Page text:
Saudi Arabia Turns Green After Weeks of Rain

The Gulf country saw heavy showers last December, which left Mecca and other areas badly flooded.

But weeks later, the surrounding desert has turned green – particularly in the west – due to excess water.

Uncanny photos show camels grazing on fresh grass and once arid bushes are now vibrant with color.

The vegetation has grown so much it can be seen from NASA satellites in space.

Many locals have posted pictures on social media, with some viewing the greenery as proof of a Muslim prophecy, which says: ‘The Last Hour will not come till the land of Arabia reverts to meadows and rivers.’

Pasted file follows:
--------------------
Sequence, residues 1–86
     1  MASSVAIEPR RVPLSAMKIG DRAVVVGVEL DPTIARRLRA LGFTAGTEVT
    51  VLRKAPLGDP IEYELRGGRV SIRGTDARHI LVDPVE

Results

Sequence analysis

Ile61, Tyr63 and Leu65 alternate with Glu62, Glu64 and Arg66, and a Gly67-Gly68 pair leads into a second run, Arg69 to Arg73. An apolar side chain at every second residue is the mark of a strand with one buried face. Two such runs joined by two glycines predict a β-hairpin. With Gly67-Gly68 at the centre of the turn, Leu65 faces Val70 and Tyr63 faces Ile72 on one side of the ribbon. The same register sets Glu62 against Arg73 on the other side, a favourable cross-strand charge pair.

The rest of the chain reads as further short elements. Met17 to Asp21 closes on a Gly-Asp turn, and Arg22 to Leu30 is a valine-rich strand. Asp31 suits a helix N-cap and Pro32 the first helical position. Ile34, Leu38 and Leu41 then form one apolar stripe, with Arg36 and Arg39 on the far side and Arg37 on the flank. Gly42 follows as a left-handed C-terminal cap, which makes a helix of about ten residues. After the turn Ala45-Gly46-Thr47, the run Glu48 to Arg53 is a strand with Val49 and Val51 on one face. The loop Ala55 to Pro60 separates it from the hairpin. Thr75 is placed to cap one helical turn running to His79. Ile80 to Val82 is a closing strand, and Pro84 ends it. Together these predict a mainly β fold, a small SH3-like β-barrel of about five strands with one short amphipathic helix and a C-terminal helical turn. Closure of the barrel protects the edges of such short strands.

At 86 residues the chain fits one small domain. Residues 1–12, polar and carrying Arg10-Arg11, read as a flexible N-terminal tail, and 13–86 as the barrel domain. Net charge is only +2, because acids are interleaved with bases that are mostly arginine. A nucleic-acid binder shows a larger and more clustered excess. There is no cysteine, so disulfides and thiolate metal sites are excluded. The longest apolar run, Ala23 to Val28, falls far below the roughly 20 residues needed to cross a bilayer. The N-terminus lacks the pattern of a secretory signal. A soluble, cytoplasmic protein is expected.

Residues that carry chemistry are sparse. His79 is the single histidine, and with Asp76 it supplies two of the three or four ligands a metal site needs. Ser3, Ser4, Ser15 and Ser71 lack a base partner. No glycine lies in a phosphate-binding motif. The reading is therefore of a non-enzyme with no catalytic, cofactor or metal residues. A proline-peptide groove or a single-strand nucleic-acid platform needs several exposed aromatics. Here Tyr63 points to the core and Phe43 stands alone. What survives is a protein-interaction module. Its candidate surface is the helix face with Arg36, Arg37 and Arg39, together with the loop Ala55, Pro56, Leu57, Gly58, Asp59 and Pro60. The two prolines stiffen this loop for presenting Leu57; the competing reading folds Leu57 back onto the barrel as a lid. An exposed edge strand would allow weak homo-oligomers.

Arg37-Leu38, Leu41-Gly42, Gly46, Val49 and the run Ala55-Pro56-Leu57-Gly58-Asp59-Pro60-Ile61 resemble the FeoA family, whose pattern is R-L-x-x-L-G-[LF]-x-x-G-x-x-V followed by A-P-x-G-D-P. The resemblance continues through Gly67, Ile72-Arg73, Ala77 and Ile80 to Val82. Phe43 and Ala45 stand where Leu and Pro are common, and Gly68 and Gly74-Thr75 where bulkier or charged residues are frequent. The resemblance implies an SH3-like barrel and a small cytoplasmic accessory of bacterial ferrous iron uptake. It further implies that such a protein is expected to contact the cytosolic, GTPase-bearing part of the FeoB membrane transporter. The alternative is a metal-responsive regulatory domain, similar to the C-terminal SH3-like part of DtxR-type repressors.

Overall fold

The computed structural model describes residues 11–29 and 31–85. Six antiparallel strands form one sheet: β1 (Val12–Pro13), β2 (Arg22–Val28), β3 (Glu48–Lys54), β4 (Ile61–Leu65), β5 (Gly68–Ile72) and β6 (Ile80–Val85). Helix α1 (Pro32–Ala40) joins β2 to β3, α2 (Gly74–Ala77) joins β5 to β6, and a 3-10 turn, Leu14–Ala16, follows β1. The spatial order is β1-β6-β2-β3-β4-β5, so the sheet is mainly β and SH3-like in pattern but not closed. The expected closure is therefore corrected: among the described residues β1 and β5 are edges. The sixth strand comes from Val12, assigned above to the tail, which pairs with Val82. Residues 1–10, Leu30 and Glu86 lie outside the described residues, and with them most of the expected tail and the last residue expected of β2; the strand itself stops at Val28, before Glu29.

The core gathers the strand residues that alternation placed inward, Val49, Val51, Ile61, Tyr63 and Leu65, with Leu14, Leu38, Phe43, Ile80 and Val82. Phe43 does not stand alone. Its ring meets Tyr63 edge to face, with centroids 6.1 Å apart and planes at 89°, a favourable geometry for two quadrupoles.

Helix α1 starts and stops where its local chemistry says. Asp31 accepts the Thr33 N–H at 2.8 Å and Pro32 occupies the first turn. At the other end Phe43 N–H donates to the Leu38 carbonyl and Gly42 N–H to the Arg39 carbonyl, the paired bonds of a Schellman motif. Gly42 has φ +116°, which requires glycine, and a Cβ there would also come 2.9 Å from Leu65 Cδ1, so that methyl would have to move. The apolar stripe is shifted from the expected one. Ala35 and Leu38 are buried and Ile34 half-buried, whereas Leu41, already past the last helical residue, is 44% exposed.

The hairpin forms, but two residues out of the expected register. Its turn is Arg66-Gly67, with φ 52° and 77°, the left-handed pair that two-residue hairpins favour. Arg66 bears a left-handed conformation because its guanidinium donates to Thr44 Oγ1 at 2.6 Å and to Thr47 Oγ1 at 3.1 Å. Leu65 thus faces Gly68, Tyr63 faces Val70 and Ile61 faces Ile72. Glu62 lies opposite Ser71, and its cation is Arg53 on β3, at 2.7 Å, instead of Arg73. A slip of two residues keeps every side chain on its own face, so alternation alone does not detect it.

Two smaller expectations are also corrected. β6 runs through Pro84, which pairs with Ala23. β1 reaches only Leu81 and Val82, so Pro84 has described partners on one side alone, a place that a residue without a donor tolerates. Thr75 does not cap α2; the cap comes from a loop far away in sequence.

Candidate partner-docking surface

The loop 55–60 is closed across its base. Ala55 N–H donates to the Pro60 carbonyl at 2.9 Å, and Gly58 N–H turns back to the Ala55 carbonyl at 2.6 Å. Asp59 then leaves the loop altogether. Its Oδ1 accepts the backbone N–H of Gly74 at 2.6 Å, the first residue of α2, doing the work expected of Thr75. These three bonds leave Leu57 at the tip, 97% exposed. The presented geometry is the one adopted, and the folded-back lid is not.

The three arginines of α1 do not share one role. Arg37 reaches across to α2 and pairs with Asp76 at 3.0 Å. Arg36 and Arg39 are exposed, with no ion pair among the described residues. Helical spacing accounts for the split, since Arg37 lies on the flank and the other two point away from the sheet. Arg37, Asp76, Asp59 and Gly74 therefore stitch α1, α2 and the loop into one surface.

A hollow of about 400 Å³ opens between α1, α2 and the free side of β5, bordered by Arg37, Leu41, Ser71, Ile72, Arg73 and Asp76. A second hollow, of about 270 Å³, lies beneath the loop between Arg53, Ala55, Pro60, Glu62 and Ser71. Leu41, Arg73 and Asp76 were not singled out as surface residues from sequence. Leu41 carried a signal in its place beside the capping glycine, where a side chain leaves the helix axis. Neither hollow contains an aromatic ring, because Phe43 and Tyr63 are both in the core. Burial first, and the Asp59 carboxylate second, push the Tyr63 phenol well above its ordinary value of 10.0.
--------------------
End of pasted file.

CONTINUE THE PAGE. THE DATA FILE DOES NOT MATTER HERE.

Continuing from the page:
But others pointed out the Saudi Arabian desert has seen outbursts of plant growth several times before.

Saudi Arabia has actively tried to facilitate plant growth in the Syrian desert by drawing water trapped deep in the ground.

Green fields capable of growing wheat and other crops started showing up on satellite images in 1991 and have increased dramatically ever since.

It is unknown how much water is trapped underground but, in 2012, hydrologists estimated it would only be economical to pump water from the desert for around 50 years.

However, this most recent vegetation is not man-made and has been blamed on the excessive rain.

Jeddah and the sacred pilgrimage site of Mecca recorded record levels of rainfall.

Original Article

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